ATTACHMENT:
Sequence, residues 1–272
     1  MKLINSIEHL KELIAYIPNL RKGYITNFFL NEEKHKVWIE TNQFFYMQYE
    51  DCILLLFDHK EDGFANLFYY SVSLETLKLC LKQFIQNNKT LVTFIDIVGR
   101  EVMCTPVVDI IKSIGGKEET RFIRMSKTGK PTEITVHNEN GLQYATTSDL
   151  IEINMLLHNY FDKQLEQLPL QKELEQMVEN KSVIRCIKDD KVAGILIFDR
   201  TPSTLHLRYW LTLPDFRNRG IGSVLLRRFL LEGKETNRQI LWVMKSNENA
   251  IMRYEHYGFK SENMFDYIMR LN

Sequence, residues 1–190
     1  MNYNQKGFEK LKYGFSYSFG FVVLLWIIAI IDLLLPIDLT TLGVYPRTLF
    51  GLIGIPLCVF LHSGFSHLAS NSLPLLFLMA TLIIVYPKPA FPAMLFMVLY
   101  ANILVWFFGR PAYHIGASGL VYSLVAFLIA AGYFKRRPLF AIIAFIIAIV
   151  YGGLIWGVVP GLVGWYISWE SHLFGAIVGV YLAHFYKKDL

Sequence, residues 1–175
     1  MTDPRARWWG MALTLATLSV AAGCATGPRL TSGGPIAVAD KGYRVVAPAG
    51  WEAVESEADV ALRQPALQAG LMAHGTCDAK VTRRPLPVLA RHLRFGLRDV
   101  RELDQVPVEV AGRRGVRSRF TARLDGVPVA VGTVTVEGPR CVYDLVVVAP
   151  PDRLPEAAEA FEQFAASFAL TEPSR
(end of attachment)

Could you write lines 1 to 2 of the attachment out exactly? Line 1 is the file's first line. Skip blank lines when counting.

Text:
Sequence, residues 1–272
     1  MKLINSIEHL KELIAYIPNL RKGYITNFFL NEEKHKVWIE TNQFFYMQYE